On runs like this morning, I often wonder how I started being physically active in the first place. While I am certainly graceful enough to occasionally be complimented on my backstroke, springy enough to execute Jazzercise moves with precision, and nimble enough to dance in public, there has rarely been a time when I would not also be accurately described as clumsy, though I am smooth enough to artistically take a tumble. Being able to fall memorably requires agility or some battle scars. I have examples of both such falls.
During my first year at the University of Oregon, I often found myself wearing flip-flops despite the city of Eugene’s complete climate change from the Bay Area. Where the bay was temperate, Oregon was damp. There is no other way to describe the great green state. It was just a constant precipitation of one degree or another. So thongs were not the best choice for foot apparel, but I had yet to buy into that notion. So there I was, pleased as penguins to just barely have confidently found an on campus coffee shop in which to procure hot chocolate from, when I swung open the door and set my go-ahead on the tile floor.
CLA-BANG. My left flip-flop flung out from under me (because of course, the tile was moist from the rainwater that had been pulled in on the sensible shoes of others), and I crashed to the ground, falling directly on my ever so hip red shoulder bag. At least twenty pairs of eyes twitched upon me, and without missing a beat, I threw my arms into the air and struck a pose. Two years of competitive dance classes had taught me well. If you’re going to fall, make it look like you did it on purpose. My audience wasn’t sure whether to clap, to laugh, or to help me up, so they went back to sipping their coffee as I staggared to my feet, and much to my own surprise, continued up to the cashier.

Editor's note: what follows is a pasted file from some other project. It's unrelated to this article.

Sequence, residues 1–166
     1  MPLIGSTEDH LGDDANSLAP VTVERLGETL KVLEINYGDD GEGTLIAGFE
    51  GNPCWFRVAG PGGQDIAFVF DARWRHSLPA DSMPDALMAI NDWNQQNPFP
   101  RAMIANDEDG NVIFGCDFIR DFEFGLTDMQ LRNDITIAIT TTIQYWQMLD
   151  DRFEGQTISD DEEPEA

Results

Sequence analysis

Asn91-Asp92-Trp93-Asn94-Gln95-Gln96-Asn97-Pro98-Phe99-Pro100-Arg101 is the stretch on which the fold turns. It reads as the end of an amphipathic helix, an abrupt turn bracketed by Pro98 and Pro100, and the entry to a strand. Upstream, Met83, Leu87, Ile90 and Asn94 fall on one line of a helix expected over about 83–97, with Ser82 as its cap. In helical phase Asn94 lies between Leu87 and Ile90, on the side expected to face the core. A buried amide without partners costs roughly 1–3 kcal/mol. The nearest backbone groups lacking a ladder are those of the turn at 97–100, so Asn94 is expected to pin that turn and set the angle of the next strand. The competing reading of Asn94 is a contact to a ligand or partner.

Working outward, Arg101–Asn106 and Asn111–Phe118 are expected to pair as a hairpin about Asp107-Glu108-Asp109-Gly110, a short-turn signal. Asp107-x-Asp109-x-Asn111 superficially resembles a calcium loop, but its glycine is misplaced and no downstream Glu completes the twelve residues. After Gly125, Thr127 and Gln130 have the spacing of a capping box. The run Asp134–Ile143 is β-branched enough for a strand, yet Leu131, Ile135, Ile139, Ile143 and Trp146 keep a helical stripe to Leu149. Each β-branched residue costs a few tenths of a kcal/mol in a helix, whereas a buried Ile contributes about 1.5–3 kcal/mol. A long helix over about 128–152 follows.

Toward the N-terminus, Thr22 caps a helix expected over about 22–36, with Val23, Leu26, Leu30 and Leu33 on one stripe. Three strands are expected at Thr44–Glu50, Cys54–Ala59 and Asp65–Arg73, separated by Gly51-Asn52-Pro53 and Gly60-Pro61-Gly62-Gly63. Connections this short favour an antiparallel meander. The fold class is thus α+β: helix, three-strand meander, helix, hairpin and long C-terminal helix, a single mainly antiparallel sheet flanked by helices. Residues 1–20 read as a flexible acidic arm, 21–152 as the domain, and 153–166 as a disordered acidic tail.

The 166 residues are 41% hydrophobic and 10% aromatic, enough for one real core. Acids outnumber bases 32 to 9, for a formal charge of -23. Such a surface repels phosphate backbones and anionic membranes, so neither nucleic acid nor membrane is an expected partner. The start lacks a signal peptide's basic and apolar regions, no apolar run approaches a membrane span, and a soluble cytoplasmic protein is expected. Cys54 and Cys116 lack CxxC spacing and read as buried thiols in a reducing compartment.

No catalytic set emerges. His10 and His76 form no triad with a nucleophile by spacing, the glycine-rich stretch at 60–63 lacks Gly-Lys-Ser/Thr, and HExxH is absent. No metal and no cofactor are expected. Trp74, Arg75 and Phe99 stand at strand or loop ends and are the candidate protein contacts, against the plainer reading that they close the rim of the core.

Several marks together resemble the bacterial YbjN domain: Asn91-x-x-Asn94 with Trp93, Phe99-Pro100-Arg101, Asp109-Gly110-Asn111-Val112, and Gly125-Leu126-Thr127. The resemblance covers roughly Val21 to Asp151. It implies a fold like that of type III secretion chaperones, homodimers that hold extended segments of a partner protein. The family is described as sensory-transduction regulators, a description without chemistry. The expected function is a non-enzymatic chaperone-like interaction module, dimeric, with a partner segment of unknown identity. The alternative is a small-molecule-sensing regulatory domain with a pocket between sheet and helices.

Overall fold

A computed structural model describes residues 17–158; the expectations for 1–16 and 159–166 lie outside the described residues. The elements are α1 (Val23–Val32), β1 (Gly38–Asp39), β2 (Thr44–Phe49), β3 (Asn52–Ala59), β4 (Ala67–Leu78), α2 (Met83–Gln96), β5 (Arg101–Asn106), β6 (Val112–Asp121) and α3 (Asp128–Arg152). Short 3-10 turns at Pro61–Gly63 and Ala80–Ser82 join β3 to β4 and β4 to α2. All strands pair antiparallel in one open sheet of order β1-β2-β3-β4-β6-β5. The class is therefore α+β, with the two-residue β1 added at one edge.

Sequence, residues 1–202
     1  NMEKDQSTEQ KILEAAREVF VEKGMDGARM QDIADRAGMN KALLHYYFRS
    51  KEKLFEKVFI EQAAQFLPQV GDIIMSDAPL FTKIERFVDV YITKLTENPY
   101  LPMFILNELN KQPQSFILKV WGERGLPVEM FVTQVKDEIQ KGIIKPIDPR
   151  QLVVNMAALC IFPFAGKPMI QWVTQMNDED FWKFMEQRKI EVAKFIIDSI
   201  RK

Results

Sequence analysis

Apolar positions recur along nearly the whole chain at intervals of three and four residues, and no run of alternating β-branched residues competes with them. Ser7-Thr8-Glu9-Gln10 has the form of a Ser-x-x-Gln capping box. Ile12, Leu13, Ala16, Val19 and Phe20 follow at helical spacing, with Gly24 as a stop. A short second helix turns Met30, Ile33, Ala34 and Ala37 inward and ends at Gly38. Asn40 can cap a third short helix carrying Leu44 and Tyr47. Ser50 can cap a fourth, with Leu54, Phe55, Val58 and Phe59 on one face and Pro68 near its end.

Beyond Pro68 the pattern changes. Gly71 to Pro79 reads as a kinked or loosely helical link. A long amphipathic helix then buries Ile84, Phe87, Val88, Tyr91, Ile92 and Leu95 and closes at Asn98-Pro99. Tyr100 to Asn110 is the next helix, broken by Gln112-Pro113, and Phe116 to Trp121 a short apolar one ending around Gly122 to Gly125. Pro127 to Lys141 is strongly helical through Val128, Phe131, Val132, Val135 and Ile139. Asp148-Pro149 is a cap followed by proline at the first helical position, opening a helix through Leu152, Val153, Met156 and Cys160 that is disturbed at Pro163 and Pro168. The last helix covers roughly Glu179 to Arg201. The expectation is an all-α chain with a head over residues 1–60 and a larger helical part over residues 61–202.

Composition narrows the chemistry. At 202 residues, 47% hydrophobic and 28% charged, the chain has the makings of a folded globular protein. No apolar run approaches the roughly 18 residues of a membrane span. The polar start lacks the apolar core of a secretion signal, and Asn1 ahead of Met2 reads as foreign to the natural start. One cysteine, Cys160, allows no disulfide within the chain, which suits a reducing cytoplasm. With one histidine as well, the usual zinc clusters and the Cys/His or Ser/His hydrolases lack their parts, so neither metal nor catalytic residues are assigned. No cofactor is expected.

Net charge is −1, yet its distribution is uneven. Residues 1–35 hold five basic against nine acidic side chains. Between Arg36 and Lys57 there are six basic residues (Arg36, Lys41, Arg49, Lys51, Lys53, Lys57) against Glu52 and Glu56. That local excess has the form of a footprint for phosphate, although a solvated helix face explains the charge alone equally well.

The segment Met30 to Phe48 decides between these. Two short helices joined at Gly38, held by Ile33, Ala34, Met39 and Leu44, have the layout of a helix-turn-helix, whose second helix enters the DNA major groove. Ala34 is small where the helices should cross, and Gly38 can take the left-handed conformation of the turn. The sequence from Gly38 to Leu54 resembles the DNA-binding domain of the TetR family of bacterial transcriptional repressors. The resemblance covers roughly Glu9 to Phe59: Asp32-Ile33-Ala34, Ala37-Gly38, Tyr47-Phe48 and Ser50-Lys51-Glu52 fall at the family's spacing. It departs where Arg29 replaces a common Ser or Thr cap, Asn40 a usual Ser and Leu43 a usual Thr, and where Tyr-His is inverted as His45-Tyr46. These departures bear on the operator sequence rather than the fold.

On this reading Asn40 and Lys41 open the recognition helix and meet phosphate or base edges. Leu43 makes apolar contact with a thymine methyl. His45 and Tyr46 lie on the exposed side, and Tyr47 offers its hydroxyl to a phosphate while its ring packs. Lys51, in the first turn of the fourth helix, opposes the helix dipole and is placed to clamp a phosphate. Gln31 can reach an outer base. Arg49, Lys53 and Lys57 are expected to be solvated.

Fall number two took place in front of much less of a crowd. It was a quiet Sunday morning, early enough that even the church goers were not up yet, and I was running an all too familiar route by my high school alma mater. There was a downhill portion (oh, how I miss those Bay Area hills!) and I was distracted by a giant white van parked on a side street for no particular reason. My trusty running shoe clipped a raised piece of curb, and in that ever-cliched slow motion, I hit the concrete with both my palms and my top lip. How I hit my lip and not my nose remains a mystery.
I immediately knew I was bleeding, and luckily found an open restroom in a nearby Catholic church. My lip was swelling, I was praying I hadn’t lost any teeth, and with the wounds on my hands, I couldn’t help by think I looked a bit like I was suffering from stigmata. Which should have made the priest whose door I knocked on to borrow a phone happy to see me. Instead, he just looked like he sincerely hoped I wasn’t going to bleed on his phone. I dialed my parents number, and within fifteen minutes was picked up on a street corner (classy!) and driven home.
The scarring on that fall was significant — it took a good six weeks until the scar was light enough to not show up in pictures. And with such a face, I was forced to repeat over and over again that I had fallen while running simply due to my own lack of attention to the sidewalk. Not a pretty sight any way you look at it.
Before today, it had been awhile since I had taken a spill. I’ve managed to remain upright for many runs, rollar skates, and bike rides. But as luck would have it, after I dropped Ken’s truck off at the shop and I was headed on my way home by way of a run, my foot clipped the side of a fallen constuction zone sign, and I face planted it on the corner of a busy intersection.
Interestingly, a cop was a the front of the intersection, and surely must have seen my body connect with the pavement without my permission, but I was ignored by both him and every other car in the area. I pulled myself up, wiped the gravel from my palms (my poor palms!) and inspected myself for other injuries. Tiny rip in running shants? Check. Dust all over my clothes? Check. Scrape on elbow? Check. But other than that, I seemed to be working order. So I wiped the shock induced tears from my eyes, and ran the rest of the way home.
So klutzy people can take a peaceful jog through town. Still though, I spent the rest of my run considering using the elliptical tomorrow morning.